Historical Language

Posted: 12th February 2015 by Christian in Blog
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Whenever you write historical fiction, one of the things to keep in mind is how people actually spoke. The more historical records there are is usually, but not always, a good guide.

In medieval times, we have only a handful of novels and not many of those have dialogue and most of them are religious and so, formal and didactic and allegorical and none of them are interested in recording how people spoke. I know Chaucer used modern vernacular but I’ve no idea how that translates into actual interest in recording naturalist, memetic dialogue.

We have loads of Latin and Greek histories but they tend to record Great Men Saying Great Things. Leonidas may very well have said ‘Good, we will fight in the shade,’ but no one said ‘Bloodieth Hell, mine mate. You are on your owneth,’ back. Mind you, Vlad the Impaler gets some good lines.

Later, we have plays but, of course, plays aren’t mean to be naturalistic. If we could all exunt omnes with a rhyme, the world would be happier. And I doubt many people even spoke like they do in a 50s sitcom, let alone some Revenger Tragedy written by a weirdo working out his issues 500 years ago. And the history of theater in English, let alone sociolinguistics is the stuff of degrees, not a casual research topic.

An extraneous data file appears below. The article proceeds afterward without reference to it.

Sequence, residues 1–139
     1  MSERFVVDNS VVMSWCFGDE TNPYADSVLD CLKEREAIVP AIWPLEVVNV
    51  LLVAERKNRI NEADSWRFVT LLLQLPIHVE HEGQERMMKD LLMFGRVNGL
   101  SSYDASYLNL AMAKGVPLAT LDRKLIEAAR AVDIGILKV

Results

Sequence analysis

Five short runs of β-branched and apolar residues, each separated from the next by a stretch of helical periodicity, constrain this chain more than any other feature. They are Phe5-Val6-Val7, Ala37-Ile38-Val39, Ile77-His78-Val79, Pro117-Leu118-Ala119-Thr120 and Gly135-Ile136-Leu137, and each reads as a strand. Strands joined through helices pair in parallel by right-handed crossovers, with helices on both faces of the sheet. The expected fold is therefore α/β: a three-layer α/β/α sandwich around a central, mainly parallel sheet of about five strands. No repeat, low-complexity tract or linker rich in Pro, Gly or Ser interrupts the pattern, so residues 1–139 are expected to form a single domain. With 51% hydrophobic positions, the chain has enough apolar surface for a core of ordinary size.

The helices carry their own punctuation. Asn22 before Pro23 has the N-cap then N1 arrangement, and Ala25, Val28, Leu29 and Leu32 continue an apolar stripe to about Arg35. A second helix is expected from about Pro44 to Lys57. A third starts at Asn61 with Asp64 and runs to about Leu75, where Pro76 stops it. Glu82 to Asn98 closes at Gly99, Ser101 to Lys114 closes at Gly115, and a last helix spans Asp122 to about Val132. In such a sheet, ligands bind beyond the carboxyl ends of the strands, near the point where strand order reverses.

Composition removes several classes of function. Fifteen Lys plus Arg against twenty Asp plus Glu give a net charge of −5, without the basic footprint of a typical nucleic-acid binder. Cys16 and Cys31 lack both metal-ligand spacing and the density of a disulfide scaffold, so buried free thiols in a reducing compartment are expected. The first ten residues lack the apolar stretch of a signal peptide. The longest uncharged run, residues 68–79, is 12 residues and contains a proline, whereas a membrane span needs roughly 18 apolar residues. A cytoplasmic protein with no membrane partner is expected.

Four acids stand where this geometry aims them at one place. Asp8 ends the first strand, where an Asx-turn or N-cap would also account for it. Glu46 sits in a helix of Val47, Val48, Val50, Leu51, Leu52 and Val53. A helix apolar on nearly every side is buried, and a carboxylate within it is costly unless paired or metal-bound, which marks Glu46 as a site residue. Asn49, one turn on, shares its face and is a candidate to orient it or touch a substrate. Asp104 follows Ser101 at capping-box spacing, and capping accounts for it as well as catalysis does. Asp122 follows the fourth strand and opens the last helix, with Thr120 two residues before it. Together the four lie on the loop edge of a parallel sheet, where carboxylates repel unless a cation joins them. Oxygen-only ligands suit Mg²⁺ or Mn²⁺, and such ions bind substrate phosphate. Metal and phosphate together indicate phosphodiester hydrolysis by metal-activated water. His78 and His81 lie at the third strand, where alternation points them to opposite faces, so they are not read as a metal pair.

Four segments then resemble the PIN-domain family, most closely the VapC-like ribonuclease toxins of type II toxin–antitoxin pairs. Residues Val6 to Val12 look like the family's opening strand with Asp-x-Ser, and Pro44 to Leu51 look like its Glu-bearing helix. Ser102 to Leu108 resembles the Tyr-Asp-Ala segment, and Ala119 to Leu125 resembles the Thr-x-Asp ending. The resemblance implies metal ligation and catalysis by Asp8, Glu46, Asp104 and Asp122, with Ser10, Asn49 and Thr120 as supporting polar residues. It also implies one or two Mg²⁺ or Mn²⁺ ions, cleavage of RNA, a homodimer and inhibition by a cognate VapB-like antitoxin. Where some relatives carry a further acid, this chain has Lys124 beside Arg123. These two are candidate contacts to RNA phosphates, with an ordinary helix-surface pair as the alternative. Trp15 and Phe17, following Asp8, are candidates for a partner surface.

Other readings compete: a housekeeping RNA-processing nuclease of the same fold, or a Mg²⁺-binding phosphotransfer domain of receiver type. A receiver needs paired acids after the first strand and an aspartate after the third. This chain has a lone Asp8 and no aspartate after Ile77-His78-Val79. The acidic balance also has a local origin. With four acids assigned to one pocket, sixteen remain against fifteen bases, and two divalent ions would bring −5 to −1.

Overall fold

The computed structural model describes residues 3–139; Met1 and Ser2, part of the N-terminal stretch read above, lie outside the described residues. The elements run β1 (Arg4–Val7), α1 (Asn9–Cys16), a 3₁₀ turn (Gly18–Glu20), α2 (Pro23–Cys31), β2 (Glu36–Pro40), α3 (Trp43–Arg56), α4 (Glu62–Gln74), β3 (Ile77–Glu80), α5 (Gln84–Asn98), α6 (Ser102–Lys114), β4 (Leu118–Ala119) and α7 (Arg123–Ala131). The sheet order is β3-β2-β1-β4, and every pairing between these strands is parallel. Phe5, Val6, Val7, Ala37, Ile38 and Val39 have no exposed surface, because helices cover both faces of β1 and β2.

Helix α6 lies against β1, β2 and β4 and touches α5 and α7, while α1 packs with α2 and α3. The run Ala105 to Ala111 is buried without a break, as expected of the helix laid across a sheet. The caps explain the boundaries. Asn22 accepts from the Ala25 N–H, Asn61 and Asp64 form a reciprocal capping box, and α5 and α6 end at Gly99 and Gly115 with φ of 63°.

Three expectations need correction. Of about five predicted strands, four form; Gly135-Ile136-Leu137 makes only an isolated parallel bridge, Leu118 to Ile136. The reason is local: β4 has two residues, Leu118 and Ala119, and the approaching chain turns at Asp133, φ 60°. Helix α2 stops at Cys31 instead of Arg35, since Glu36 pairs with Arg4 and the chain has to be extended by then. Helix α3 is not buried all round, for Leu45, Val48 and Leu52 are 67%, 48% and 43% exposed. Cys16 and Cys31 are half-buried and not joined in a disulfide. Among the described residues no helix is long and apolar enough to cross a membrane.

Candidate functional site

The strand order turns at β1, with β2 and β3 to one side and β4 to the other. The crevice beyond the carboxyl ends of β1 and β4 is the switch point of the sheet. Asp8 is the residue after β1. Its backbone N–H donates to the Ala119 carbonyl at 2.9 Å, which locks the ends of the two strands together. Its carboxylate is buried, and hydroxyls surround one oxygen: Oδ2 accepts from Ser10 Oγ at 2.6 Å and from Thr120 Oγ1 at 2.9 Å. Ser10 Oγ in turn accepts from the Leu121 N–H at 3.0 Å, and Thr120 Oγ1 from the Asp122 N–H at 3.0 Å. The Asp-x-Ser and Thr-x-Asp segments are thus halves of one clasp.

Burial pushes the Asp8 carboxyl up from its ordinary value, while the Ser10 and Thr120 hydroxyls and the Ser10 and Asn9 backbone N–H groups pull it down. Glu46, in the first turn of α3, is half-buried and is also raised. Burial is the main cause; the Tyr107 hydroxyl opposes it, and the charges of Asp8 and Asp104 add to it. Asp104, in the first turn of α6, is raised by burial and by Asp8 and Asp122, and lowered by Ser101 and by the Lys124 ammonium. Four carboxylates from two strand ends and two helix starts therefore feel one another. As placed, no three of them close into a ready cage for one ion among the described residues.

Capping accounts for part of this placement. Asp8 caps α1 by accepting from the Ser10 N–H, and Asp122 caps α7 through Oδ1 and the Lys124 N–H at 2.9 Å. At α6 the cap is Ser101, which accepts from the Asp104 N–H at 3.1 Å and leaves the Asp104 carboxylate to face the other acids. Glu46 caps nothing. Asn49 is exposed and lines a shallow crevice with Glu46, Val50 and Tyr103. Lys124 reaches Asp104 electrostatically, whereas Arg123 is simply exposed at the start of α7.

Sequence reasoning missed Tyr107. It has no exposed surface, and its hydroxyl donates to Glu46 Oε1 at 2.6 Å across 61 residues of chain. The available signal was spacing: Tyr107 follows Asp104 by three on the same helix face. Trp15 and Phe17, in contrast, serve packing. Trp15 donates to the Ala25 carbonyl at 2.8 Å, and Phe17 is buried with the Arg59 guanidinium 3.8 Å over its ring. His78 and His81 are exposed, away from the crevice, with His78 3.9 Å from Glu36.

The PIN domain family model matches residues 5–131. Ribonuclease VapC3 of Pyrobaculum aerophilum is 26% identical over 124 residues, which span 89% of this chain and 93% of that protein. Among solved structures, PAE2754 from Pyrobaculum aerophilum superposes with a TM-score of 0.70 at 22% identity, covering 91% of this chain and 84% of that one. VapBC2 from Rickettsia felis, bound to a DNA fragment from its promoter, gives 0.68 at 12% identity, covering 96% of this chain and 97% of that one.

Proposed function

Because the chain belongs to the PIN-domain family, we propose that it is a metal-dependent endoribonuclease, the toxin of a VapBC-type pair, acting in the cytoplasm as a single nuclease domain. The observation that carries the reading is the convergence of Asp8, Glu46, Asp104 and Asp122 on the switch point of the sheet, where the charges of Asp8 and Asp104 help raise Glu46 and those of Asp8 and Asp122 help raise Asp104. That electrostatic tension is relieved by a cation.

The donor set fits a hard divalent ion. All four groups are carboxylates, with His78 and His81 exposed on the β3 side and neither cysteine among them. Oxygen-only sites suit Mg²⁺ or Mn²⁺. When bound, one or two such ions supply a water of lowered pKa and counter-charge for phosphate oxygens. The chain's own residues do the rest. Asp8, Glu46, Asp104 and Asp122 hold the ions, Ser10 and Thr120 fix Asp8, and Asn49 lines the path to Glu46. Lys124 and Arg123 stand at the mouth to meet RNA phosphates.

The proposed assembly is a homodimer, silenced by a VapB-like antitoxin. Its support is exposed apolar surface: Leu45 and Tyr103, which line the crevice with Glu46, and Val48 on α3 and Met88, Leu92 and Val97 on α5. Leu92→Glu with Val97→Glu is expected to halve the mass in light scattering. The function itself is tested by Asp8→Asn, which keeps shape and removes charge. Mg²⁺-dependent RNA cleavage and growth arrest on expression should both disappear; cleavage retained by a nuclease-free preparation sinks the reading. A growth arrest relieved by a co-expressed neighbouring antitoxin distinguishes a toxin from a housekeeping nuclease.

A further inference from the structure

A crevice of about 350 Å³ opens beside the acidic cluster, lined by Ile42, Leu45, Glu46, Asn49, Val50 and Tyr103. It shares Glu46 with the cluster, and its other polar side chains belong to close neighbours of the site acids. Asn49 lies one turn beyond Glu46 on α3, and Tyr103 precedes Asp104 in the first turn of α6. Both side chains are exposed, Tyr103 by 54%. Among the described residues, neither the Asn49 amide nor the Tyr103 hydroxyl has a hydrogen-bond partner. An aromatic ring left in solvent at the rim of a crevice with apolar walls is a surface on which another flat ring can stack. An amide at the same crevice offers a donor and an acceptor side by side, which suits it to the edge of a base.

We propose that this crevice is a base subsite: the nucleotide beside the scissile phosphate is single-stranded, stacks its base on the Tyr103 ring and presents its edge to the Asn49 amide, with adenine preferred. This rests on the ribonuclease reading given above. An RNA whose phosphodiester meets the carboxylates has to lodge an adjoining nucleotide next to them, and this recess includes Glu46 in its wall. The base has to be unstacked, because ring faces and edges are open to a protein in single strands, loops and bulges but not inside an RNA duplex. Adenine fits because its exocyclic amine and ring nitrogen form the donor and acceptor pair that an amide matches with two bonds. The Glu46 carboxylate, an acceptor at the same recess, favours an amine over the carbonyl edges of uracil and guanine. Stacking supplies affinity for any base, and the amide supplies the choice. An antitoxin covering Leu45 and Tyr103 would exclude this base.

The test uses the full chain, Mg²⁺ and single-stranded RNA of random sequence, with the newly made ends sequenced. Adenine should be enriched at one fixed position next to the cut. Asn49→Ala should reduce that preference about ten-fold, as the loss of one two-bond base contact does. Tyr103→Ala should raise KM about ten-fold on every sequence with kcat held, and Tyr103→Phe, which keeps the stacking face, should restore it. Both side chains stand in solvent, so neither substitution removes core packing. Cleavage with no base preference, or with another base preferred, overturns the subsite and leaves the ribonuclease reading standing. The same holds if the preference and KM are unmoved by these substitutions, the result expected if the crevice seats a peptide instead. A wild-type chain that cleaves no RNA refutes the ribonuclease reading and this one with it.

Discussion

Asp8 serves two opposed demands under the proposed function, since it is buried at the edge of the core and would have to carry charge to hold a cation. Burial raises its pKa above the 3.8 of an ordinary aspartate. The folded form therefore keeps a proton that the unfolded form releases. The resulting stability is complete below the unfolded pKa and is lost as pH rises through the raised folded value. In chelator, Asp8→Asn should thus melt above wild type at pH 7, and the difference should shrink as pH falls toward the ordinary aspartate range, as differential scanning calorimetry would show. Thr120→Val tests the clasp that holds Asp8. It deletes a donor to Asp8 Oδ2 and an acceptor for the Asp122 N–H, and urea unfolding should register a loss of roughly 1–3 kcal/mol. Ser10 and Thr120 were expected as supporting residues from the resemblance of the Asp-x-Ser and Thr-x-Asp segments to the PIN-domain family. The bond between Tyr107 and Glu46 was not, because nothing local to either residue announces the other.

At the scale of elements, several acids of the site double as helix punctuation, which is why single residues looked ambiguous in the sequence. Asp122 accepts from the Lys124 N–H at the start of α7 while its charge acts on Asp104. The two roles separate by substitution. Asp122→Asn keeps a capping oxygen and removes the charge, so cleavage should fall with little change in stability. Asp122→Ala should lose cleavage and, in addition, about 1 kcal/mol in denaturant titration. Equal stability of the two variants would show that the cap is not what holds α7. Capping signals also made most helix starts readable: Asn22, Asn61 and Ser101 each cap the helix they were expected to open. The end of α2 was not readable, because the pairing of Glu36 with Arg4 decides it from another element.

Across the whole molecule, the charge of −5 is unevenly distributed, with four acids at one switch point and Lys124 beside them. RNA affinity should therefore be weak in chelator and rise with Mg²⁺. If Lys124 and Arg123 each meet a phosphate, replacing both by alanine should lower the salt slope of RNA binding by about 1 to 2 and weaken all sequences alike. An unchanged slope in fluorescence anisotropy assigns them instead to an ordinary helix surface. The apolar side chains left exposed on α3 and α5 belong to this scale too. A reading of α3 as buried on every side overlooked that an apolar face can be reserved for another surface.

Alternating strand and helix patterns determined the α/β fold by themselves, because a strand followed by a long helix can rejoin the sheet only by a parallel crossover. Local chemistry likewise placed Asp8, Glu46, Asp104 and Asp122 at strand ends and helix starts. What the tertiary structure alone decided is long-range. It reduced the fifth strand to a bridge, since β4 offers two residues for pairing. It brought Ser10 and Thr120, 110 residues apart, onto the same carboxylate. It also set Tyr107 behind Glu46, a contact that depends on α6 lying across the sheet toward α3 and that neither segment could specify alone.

And in our modern times, we have movies, especially American movies, which have so little grasp on how anyone talks. It’s why no one in the past says ‘fuck’, perhaps the oldest word there is in English, and John Wayne says ‘Circle the yurts!’ (Seriously, watch The Conqueror, he plays Genghis Khan. So funny.)

To make language grandiose, reverse the clause, you must. Which sounds history-ish. But it isn’t. And we know from secondary sources, like graffiti, for example, Latin was really slangy, so whenever people talk like that, you know you’re listening to a big slab of Now.

By the time we move into, say, 1700, we have a proper publishing industry and novels are recognisably novels so it gets easier. But Charles Dickens is supposed to be the final word on how people spoke but no one ever spits or swears or wees in his books, so I’m prepared to let the most boring person in the English Department have him and remain of the opinion we still don’t have a great idea of what a casual conversation is like.

Soon I have a comic set in Roman times with some Celtic characters. All of this weighed on me until I realised that, well, nothing can ever be accurate, so I just wrote them like I’d write anyone.

The only trick? You’d be surprised how many metaphors we use have historical roots. And trying to leave out words and phrases Shakespeare either invented or coined is pointless.